house now?
    Mr. DiMario. We do approximately 25 percent of the printing 
in-house; 75 to 80 percent is done through the procured 
    Mrs. Maloney. And what is the average cost, in a general 
sense, of a job printed in-house by GPO versus the average cost 
of a job printed through the competitive system? Is the 
competitive system more or less than printing in-house in GPO?
    Mr. DiMario. It is, generally speaking, cheaper to procure 
the product on the outside.
    Mrs. Maloney. Really. It's cheaper outside. That's 
    Mr. DiMario. Yes.
    Mrs. Maloney. And what determines whether an agency 
printing job goes into the competitive process or gets printed 
in-house by GPO? And can an agency be assured that its job will 
go into the competitive system?
    Mr. DiMario. What determines it is whether or not the 
product is, in fact, a procurable product. Not all products are 
    If you look at the true cost, as opposed to just this 
average statement of whether something is cheaper on the 
outside, on an average, or cheaper on the inside, on an 
average, the jobs that we do in-house, we believe, are not 
generally procurable jobs, that these are jobs that require 
enhanced security, a great deal of interface with the agency 
that is creating the information, that we need to go back and 
forth with that agency, and there are timeliness issues that 
are concerned with it.
    So let's take, for example, we do the postal cards in-house 
for the Postal Service. That's a repetitive job. It's done on 
particular dedicated equipment. We believe we get the lowest 
cost and we get the security of this particular document for 
the Postal Service. They, obviously, believe the same thing. 
They have been with us for many, many years, and we have 
dedicated equipment to do that.
    We do the same thing for passports. That is a dedicated 
structure requiring high security, and we deal with the 
customer agency on that.
    Mrs. Maloney. Now, what is the procedure now? I understand 
that the Vice President's reports on the National Performance 
Review were not printed through GPO. Say I'm an agency and I 
decide I don't want to go through GPO. Do they have to go 
through GPO?
    Mr. DiMario. That's what the law requires.
    Mrs. Maloney. The law requires it.
    Mr. DiMario. Yes.
    Mrs. Maloney. And I understand now that you charge an 
agency a 6 percent fee for each printing job?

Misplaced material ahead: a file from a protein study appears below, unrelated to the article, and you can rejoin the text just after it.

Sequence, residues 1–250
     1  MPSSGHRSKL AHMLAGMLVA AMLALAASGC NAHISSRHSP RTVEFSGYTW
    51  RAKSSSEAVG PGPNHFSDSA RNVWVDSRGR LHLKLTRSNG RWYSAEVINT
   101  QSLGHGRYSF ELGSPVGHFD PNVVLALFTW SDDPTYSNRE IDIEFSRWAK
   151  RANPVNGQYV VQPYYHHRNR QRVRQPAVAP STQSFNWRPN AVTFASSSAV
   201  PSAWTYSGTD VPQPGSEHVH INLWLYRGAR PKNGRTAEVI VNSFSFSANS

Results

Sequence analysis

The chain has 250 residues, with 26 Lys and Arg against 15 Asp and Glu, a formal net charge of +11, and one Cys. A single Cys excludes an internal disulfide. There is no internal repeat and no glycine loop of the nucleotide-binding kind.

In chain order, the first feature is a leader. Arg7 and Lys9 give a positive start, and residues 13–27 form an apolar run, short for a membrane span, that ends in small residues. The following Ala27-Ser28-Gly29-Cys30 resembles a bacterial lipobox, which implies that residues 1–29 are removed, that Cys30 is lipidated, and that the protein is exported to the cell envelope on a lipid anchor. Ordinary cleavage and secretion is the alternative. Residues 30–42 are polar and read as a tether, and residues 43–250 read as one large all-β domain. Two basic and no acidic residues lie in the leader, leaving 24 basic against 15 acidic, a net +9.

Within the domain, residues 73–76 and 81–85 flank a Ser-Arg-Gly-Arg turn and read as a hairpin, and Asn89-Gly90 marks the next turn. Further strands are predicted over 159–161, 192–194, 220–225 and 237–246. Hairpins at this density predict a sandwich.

Mr. DiMario. That's correct.
    Mrs. Maloney. What would it cost an individual agency to 
run a procurement operation similar to yours? Could they do it 
for 6 percent of the printing cost for the year, do you think?
    Mr. DiMario. We don't believe so. The 6 percent encompasses 
an enormous range of services to the agency.
    Mrs. Maloney. Yes, I can imagine.
    Now, if an agency procures with you, and then you tell them 
you have competitively bid it and Company X has gotten the job, 
what if the agency has had a bad experience with Company X and 
doesn't like the quality of their work, can they reject that 
printer, based on quality of work, and ask for another one?
    Mr. DiMario. We look at the performance record of each 
contractor. And if the agency has expressed a negative view and 
they have documented all of that bad performance, that is 
considered in the issue of whether or not a contract gets 
    We have a system of debarment that mirrors the debarment 
structure in the rest of Government. Contractors have property 
rights in contracts when they perform those things, and they 
have a right to contest issues. So we look at performance 
against a standard. And if the contractor's performance is bad 
for a particular reason, we will note that in the awarding of 
contracts. They may not get the job, but we do not 
automatically debar them.
    Mrs. Maloney. Mr. DiMario, how do you keep the performance 
record of a contractor? Do you computerize it?
    Mr. DiMario. Yes, it's all computerized.
    Mrs. Maloney. It's all computerized?
    Mr. DiMario. Yes, job by job.
    Mrs. Maloney. Job by job, but then is it central?
    Mr. DiMario. They are all computerized.
    Mrs. Maloney. Job by job, or centralized, too?
    Mr. DiMario. It's all centralized. We have a procurement 
information control system, and the data that we collect on 
individual contractors and contract performance is put into 
    Mrs. Maloney. So contract performance data is entered into 
a centralized, computerized system?
    Mr. DiMario. To the best of my knowledge, yes.
    Mrs. Maloney. Now, I am interested in this. I would like to 
ask, and maybe we will put it in a series of questions, if you 
would get back to the committee on how you track performance 
data. I can understand how you can have one contractor, you've 
got it over there, but how do you put it into a centralized 
system that a procurement officer then can plug into to see